Considered to be the boundary between Europe and Asia, the Bosporus (Turkish
Bogazici) Strait connects the Black Sea with the Sea of Marmara in northwest Turkey. In
celebration of Earth Day, NASA has released a new shaded relief and radar image of this
geologically complex and historically rich region, taken by NASA’s Shuttle Radar Topography
Mission in February 2000.

The image is available from NASA’s Jet Propulsion Laboratory, Pasadena, Calif., on the
JPL Planetary Photojournal at: .

The Bosporus Strait is depicted in the center of the view. The Black Sea at the top of the
image and Sea of Marmara below the center are colored blue, along with several large lakes.
The largest lake, to the lower right of the Sea of Marmara, is Iznik Lake.

The large city of Istanbul, Turkey is located on both sides of the southern end of the
strait. Its stronger reflection of radar causes it to appear as a brighter (light green to white) area
on the image. Istanbul is the modern name for a city with a long history, previously known as
both Constantinople and Byzantium. In 330 A.D., Constantine rebuilt Istanbul on the site of an
earlier Greek city as the capital of the Roman Empire. It later served as the capital of the
Byzantine and Ottoman empires until 1922.

The narrow Gulf of Izmit extends to the east (right) from the Sea of Marmara. On
August 17, 1999, a magnitude 7.4 earthquake, often called the Izmit or Kocaeli, Turkey
earthquake, heavily damaged the city of Izmit at the end of the gulf and killed at least 17,000
people. A previous earthquake under the Gulf of Izmit in 1754 killed at least 2,000 people. The
Izmit earthquake ruptured a long section of the North Anatolian Fault system from off the right
side of this image continuing under the Gulf of Izmit. Another strand of the North Anatolian
Fault system is visible as a sharp linear feature in the topography south of Iznik Lake. Surveys
measuring water depth in the area show that the North Anatolian Fault system extends beneath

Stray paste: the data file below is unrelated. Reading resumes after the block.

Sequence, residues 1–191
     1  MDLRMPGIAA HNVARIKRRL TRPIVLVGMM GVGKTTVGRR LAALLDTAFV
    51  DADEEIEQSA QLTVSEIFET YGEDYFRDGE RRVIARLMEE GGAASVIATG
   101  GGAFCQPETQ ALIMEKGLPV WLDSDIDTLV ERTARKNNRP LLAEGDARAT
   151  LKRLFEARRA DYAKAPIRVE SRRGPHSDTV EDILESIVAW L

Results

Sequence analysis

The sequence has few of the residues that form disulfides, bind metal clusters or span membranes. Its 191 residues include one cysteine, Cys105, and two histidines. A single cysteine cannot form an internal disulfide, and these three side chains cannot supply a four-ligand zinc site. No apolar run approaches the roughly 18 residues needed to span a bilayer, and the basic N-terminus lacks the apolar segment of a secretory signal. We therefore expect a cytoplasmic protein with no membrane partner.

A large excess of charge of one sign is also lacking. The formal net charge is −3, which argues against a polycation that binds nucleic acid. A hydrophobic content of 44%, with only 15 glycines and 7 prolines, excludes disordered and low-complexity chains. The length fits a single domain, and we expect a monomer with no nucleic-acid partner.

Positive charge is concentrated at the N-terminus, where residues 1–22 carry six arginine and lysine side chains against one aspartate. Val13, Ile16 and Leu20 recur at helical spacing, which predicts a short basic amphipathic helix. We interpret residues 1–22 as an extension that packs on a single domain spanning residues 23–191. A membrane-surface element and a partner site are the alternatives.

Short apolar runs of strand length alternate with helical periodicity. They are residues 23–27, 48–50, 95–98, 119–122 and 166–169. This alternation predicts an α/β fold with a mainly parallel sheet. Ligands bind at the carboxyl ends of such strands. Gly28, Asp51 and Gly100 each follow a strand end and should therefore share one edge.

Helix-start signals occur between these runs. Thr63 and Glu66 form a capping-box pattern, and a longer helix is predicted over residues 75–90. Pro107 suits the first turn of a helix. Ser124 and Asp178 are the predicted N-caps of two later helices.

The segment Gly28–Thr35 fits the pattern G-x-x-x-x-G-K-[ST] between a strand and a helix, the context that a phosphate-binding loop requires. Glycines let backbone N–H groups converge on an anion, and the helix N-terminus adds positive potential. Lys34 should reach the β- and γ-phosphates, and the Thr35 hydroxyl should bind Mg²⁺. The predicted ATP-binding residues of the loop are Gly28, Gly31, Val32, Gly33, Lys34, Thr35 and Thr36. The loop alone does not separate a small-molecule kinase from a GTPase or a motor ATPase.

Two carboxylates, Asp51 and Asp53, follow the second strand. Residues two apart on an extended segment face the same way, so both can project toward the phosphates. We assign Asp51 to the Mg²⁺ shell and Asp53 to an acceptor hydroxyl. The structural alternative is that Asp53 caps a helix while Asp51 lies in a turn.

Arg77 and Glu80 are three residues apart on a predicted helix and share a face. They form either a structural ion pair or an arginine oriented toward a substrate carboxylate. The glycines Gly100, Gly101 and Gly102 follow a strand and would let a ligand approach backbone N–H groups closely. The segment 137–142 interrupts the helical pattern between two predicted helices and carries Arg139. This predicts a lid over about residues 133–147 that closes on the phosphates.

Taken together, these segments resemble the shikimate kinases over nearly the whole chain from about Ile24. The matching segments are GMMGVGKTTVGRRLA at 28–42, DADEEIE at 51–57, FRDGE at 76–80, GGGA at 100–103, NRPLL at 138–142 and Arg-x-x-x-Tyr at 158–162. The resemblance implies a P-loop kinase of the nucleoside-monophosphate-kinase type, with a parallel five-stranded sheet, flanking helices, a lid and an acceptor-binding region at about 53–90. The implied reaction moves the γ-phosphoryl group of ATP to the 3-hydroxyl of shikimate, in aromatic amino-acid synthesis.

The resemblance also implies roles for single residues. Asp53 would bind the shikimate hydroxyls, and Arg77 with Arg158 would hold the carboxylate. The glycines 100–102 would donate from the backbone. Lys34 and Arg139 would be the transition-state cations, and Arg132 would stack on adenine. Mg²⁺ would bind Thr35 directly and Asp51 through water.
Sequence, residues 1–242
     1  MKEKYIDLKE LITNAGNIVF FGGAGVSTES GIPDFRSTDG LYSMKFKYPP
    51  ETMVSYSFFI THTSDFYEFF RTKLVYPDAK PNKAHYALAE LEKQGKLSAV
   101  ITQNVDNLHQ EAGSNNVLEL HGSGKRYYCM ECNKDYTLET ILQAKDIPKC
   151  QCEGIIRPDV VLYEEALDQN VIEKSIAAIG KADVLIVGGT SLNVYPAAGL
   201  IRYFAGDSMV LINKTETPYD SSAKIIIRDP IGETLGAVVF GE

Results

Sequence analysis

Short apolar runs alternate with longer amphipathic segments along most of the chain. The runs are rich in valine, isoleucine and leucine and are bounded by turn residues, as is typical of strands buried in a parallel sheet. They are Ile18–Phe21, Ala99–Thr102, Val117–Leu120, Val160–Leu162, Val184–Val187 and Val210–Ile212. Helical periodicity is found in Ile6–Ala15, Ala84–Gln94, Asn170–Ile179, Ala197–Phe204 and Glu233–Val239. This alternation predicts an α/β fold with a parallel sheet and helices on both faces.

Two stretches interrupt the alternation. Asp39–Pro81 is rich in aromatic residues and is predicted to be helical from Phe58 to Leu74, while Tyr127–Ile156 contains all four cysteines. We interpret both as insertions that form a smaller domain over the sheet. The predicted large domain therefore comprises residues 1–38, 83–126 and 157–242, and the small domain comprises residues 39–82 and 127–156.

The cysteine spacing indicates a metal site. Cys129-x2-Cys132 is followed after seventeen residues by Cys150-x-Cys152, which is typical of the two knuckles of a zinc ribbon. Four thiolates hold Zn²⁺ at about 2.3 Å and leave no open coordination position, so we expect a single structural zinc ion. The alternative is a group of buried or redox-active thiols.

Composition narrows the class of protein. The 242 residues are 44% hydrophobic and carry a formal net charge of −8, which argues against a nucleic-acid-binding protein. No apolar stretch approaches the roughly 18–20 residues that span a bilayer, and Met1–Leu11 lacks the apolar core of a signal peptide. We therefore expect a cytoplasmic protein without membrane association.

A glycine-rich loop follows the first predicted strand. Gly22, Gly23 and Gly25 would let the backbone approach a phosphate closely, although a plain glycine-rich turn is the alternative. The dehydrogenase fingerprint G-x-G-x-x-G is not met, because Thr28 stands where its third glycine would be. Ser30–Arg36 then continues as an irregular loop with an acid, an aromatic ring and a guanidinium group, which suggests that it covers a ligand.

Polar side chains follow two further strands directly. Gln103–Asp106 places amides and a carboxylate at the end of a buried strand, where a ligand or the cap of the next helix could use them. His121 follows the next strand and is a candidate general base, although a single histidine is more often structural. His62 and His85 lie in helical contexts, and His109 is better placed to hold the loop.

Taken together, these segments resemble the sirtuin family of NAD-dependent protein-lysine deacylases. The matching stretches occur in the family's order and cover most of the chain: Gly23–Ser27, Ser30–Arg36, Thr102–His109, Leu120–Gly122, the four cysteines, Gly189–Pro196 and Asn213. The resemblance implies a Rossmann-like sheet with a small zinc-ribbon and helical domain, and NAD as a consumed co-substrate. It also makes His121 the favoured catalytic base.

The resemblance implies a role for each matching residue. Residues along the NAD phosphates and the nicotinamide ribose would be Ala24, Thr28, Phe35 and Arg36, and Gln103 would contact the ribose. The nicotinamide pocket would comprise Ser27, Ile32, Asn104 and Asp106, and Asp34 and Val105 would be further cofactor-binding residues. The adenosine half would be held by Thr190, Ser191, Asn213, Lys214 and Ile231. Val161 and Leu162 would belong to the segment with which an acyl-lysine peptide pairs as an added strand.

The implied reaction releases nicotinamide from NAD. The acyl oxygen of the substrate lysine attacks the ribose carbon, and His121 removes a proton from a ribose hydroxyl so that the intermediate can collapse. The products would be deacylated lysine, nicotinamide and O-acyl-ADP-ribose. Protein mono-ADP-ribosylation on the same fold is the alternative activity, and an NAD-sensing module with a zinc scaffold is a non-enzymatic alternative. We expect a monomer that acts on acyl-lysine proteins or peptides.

and has formed the Sea of Marmara, in addition to the Gulf of Izmit and Iznik Lake. Scientists
are studying the North Anatolian Fault system closely to determine the risk of future large
earthquakes on the faults close to Istanbul.

Three visualization methods were combined to produce this image: shading and color
coding of topographic height, and radar image intensity. The shade image was derived by
computing topographic slope in the northwest-southeast direction. Northwest-facing slopes
appear dark and southeast-facing slopes appear bright. Color-coding is directly related to
topographic height, with green at the lower elevations, rising through yellow and brown to white
at the highest elevations. The shade image was combined with the radar intensity image to add
detail, especially in the flat areas.

The Shuttle Radar Topography Mission was flown aboard Space Shuttle Endeavour
February 11-22, 2000. It used modified versions of the same instruments that comprised the
Space Shuttle Imaging Radar-C/X-Band Synthetic Aperture Radar that flew twice on Endeavour
in 1994. The mission collected 3-D measurements of Earth’s land surface using radar
interferometry, which compares two radar images taken at slightly different locations to obtain
elevation or surface-change information. To collect the data, engineers added a 60-meter
(approximately 200-foot) mast, installed additional C-band and X-band antennas, and improved
tracking and navigation devices. More information is available at: .

NASA’s Earth Science Enterprise is a long-term research and technology program
designed to examine Earth’s land, oceans, atmosphere, ice and life as a total integrated system.

JPL is a division of the California Institute of Technology in Pasadena.